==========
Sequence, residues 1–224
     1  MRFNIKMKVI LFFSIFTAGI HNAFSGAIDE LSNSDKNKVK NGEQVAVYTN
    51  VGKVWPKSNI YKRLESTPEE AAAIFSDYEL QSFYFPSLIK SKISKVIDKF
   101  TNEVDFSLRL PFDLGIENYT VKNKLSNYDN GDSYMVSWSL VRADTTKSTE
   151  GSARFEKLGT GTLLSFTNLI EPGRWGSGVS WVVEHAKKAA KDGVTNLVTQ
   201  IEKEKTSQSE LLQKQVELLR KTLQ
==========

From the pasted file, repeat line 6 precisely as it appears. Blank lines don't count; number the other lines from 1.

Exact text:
   201  IEKEKTSQSE LLQKQVELLR KTLQ